To break apartheid rule through negotiation, rather than a bloody civil war, seemed then an option too good to be ignored. However, at that time, the balance of power was with the ANC, and conditions were favorable for more radical change at the negotiating table than we ultimately accepted. It is by no means certain that the old order, apart from isolated rightist extremists, had the will or capability to resort to the bloody repression envisaged by Mandela’s leadership. If we had held our nerve, we could have pressed forward without making the concessions we did.
“All means to eradicate poverty, which was Mandela’s and the ANC’s sworn promise to the “poorest of the poor,” were lost in the process.”
It was a dire error on my part to focus on my own responsibilities and leave the economic issues to the ANC’s experts. However, at the time, most of us never quite knew what was happening with the top-level economic discussions. As s Sampie Terreblanche has revealed in his critique, Lost in Transformation, by late 1993 big business strategies – hatched in 1991 at the mining mogul Harry Oppenheimer's Johannesburg residence – were crystallizing in secret late-night discussions at the Development Bank of South Africa. Present were South Africa's mineral and energy leaders, the bosses of US and British companies with a presence in South Africa – and young ANC economists schooled in western economics. They were reporting to Mandela, and were either outwitted or frightened into submission by hints of the dire consequences for South Africa should an ANC government prevail with what were considered ruinous economic policies.
All means to eradicate poverty, which was Mandela’s and the ANC’s sworn promise to the “poorest of the poor,” were lost in the process. Nationalisation of the mines and heights of the economy as envisaged by the Freedom charter was abandoned. The ANC accepted responsibility for a vast apartheid-era debt, which should have been cancelled. A wealth tax on the super-rich to fund developmental projects was set aside, and domestic and international corporations, enriched by apartheid, were excused from any financial reparations. Extremely tight budgetary obligations were instituted that would tie the hands of any future governments; obligations to implement a free-trade policy and abolish all forms of tariff protection in keeping with neo-liberal free trade fundamentals were accepted. Big corporations were allowed to shift their main listings abroad. In Terreblanche’s opinion, these ANC concessions constituted “treacherous decisions that [will] haunt South Africa for generations to come.”
“If we had held our nerve, we could have pressed forward without making the concessions we did.”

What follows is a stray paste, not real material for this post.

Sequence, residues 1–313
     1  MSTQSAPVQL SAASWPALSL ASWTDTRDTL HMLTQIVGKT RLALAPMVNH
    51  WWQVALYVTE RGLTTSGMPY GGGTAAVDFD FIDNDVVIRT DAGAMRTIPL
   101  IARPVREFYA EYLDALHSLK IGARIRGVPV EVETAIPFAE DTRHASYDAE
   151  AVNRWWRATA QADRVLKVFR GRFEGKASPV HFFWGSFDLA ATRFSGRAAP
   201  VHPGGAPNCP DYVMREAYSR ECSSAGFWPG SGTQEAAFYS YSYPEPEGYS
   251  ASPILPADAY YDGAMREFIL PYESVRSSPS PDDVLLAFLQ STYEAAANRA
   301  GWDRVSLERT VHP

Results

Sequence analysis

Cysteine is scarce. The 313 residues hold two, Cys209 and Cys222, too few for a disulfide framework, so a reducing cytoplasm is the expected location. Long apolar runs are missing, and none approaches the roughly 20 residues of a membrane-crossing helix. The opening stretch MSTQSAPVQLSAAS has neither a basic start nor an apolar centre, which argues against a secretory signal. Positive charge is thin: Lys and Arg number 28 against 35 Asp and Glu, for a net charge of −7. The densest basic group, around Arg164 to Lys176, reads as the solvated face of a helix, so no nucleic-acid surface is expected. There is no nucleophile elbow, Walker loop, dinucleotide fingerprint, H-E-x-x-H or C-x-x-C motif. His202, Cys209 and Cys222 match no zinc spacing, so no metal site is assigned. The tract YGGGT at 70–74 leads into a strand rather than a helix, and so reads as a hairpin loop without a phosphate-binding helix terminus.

An ANC-Communist party leadership eager to assume political office (myself no less than others) readily accepted this devil’s pact, only to be damned in the process. It has bequeathed an economy so tied in to the neoliberal global formula and market fundamentalism that there is very little room to alleviate the plight of most of our people.
Little wonder that their patience is running out; that their anguished protests increase as they wrestle with deteriorating conditions of life; that those in power have no solutions. The scraps are left go to the emergent black elite; corruption has taken root as the greedy and ambitious fight like dogs over a bone.
In South Africa in 2008 the poorest 50% received only 7.8% of total income. While 83% of white South Africans were among the top 20% of income receivers in 2008, only 11% of our black population were. These statistics conceal unmitigated human suffering. Little wonder that the country has seen such an enormous rise in civil protest.
A descent into darkness must be curtailed. I do not believe the ANC alliance is beyond hope. There are countless good people in the ranks. But a revitalization and renewal from top to bottom is urgently required. The ANC’s soul needs to be restored; its traditional values and culture of service reinstated. The pact with the devil needs to be broken.
“The scraps are left go to the emergent black elite; corruption has taken root as the greedy and ambitious fight like dogs over a bone.”
At present the impoverished majority do not see any hope other than the ruling party, although the ANC’s ability to hold those allegiances is deteriorating. The effective parliamentary opposition reflects big business interests of various stripes, and while a strong parliamentary opposition is vital to keep the ANC on its toes, most voters want socialist policies, not measures inclined to serve big business interests, more privatization and neoliberal economics.
This does not mean it is only up to the ANC, SACP and Cosatu to rescue the country from crises. There are countless patriots and comrades in existing and emerging organized formations who are vital to the process. Then there are the legal avenues and institutions such as the public protector’s office and human rights commission that – including the ultimate appeal to the constitutional court – can test, expose and challenge injustice and the infringement of rights. The strategies and tactics of the grassroots – trade unions, civic and community organizations, women’s and youth groups – signpost the way ahead with their non-violent and dignified but militant action.